NIST's Contributions to Manufacturing

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Dan Sawyer with coordinate measuring machines (CMMs)

photo courtesy HDR Architecture, Inc./Steve Hall © Hedrich Blessing

NIST has partnered with the U.S. manufacturing sector for over a century. It provides the measurement tools—as well as other essential technical assistance—that existing U.S. manufacturers and aspiring start-ups need to invent, innovate, and produce—more rapidly and more efficiently than their competitors. 

Today's challenges require stepping up efforts to enhance and strengthen the nation's underlying technical infrastructure so integral to U.S. innovation performance and the advanced manufacturing capabilities employed by U.S. industry. 

Challenges include implementing and mastering smart manufacturing processes that will open new paths for improving flexibility, productivity, quality, and sustainability. Smarter manufacturing processes, in turn, will better position U.S. industry to capitalize on discoveries and inventions stemming from long-term public investments in nano-, bio- and information technologies. 

Progress along many science and technology fronts also will help our nation to succeed in the global competition to develop clean technologies and to tap renewable sources of energy, while creating high-quality 21st century jobs. 

NIST programs span all stages of the innovation ecosystem that enable the development and implementation of advanced technologies. Three key programs and activities are:

  • Najarro_LR 
    photo ©Robert Rathe

    NIST Laboratories: NIST's six major laboratories—including two national user facilities—develop and supply test methods, measurement tools and know-how, and scientific data that are embedded in the processes, products and services of nearly every U.S. manufacturing industry, as well as the nation's service sector. NIST measurement research and services support advances and applications in the smallest of technologies—exceedingly tiny, but extremely promising nanoscale materials and devices—to the largest and most complex of human-made systems, from wide-bodied jets to globe-spanning information networks.

  • Hollings Manufacturing Extension Partnership (MEP): A federal-state partnership, the MEP is a national network of technical assistance centers and offices located in every state. In all, the centers are staffed by about 1,300 technical experts, who help small- and medium-sized manufacturers navigate economic, technological, and business challenges. MEP connects these firms to public and private training, tools, and other resources essential for increasing innovation capabilities, expanding markets, and improving productivity and overall competitiveness. To make a measurable positive impact on efforts to rebuild U.S. manufacturing and to creating U.S. jobs, the MEP has designed a "Make It In America" agenda. This agenda focuses on supplier scouting activities, tools to help companies identify technologies and product development opportunities, and information for companies considering on-shoring their businesses.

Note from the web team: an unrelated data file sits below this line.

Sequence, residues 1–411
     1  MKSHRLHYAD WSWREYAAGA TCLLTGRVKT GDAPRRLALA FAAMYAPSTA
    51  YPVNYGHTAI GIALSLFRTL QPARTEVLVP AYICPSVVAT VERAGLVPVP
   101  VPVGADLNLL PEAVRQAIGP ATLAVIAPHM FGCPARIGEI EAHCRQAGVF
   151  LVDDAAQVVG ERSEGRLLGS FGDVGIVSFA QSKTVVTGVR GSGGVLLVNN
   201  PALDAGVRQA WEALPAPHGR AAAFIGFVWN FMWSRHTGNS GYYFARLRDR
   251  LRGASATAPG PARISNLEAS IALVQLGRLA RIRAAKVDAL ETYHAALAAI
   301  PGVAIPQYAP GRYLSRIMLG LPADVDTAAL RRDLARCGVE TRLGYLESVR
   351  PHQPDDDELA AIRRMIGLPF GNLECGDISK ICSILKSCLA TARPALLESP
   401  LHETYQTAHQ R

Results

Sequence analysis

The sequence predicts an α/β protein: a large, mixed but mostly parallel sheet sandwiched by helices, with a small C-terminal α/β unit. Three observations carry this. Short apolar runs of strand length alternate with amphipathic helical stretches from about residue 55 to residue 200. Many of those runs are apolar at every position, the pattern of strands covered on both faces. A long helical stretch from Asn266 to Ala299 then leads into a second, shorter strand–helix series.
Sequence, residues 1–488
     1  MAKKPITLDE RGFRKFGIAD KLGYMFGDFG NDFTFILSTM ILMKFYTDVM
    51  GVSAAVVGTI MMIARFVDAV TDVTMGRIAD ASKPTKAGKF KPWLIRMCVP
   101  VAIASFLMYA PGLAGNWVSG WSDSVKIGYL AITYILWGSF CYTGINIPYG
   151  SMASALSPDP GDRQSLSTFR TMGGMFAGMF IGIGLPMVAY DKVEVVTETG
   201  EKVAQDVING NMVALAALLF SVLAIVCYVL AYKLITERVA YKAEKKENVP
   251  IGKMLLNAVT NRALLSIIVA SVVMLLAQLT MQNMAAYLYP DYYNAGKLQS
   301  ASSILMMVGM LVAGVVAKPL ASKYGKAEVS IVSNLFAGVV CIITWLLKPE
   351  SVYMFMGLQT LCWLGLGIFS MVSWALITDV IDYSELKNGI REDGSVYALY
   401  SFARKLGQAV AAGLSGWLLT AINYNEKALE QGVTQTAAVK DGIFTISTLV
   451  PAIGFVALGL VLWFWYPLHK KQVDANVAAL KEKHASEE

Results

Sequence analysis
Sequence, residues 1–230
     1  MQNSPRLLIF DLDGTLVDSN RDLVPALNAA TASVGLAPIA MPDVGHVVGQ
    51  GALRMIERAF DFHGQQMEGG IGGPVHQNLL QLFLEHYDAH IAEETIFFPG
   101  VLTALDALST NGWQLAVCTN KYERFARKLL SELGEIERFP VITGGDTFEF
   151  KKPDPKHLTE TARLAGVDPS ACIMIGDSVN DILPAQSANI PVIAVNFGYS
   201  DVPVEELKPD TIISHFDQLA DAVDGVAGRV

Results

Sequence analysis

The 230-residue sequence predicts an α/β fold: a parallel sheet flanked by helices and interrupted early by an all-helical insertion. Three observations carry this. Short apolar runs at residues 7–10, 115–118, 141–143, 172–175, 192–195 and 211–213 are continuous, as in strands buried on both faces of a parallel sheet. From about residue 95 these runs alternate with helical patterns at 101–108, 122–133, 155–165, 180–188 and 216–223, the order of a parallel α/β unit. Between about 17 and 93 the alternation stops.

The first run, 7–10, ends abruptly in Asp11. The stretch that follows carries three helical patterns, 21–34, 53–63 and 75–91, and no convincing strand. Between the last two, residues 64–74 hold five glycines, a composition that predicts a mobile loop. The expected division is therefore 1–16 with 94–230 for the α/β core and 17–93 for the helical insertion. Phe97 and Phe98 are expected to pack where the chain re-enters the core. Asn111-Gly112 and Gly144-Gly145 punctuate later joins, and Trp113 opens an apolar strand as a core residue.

• MEP manufacturing

    photo by Kristen Dill

    Advanced Manufacturing National Program Office (AMNPO): In June 2011, President Obama launched the Advanced Manufacturing Partnership. This national effort, led by the private sector but drawing on the expertise of industry, universities, and government, is identifying opportunities for investments in R&D, precompetitive collaboration, and shared infrastructure that have the potential to transform U.S. manufacturing into a high-performance engine of innovation and job creation. Complementing the AMP effort, the NIST-hosted interagency program office furthers coordination of federal advanced manufacturing activities. It also builds links to technology and innovation partnerships involving U.S. manufacturers, universities, state and local governments, and other organizations. The new office was established in late 2011 by U.S. Commerce Secretary John Bryson as part of his strategy to help American businesses "Build it here and sell it everywhere." The AMNPO will be staffed by representatives from the Departments of Commerce, Energy, and Defense; the National Science Foundation; and other agencies as well as fellows from industry.

The President's FY 2013 budget request for NIST includes several initiatives focused on overcoming manufacturing-related barriers to innovation, including a research program in Measurement Science for Advanced Manufacturing (+$45 million), and the Advanced Manufacturing Technology Consortia Program (+$21 million).

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Created February 15, 2012, Updated September 21, 2016